That does look like the kind of thing we are seeing here.

    So does this point to WP or the server?



    well not being an expert i am not sure but reading thru the post it may be a flaw in the header of your theme. but like I said i am not an expert.

    Previous posts – including those by rossagrant – suggest that this is not a WordPress issue. Looks like a fairly standard server defacement hack to me.

    Right now esmi, we’re still not 100% and I think right now it would be irresponsible to say 100% either way.

    There was the UTF-7 hole in WP going back to vers 2.5. I’m not sure if this may have somehow been re-opened.

    Could really do with a core developer being made aware so that they could give us the likelihood.

    I think it’s lim that it’s WP, but because I can’t give steps to replicate, we just don’t know right now what has gone on.

    We need raw access logs from someone’s host the day they see this happening.

    Unfortunately my host only keeps 24 hours worth and the day this happened now has no logs which is a mare as I can pinpoint the exact minute the xploit took place.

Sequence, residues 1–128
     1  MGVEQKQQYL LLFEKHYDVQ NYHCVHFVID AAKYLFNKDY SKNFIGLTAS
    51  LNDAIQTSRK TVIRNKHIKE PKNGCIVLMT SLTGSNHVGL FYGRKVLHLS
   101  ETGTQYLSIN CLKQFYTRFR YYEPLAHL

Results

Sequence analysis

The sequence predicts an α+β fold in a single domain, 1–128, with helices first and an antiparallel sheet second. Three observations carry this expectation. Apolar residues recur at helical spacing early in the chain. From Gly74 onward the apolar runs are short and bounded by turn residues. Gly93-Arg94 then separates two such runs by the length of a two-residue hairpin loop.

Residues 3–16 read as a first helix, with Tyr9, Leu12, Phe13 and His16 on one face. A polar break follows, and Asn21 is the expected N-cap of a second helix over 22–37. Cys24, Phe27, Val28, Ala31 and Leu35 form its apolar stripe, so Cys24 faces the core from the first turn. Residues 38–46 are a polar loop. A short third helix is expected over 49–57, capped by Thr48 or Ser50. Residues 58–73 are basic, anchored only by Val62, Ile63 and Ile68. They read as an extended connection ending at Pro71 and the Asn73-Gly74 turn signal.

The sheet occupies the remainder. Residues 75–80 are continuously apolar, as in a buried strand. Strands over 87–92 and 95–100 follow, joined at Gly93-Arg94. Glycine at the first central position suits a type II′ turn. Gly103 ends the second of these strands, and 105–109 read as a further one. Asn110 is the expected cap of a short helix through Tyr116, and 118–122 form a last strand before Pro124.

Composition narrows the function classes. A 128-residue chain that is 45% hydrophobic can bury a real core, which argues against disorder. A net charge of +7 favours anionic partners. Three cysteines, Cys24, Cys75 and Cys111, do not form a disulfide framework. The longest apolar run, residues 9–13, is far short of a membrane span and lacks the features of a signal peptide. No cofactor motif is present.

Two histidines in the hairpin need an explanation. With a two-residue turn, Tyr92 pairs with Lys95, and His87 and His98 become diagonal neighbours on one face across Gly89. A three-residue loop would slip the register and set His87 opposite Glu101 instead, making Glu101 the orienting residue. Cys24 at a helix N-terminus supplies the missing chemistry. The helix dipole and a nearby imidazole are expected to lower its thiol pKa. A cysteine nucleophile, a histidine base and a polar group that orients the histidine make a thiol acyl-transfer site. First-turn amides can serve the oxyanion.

If a core dev could tell us that in their opinion it is 100% NOT a WP issue then that’s great.

    At this point you do not have enough information for any core dev to say whether this is a WP issue. On balance, the answer would have to be “No” as there are too many variables & too few sites are affected. Right now, best guess would be poor server security or an FTP leak.

    Yeah it’s not an FTP leak as I have full FTP access logs but it doesn’t rule out security at the server level.

    My hosts have always been overly cautious with security, so I was surprised when this happened.

    It has been spreading the last few weeks and yesterday there were over 40 sites reportedly hacked on here.

    Today a few folks have also had multiple sites hacked.

    It’s something that is being triggered in certain environments, but must be a common exploit as it has affected a fair amount of sites.

    Until we get an access log for the day someone notices (or the hacker explains what he has done) we’ll struggle to get a definitive answer I think.

    it’s not an FTP leak as I have full FTP access logs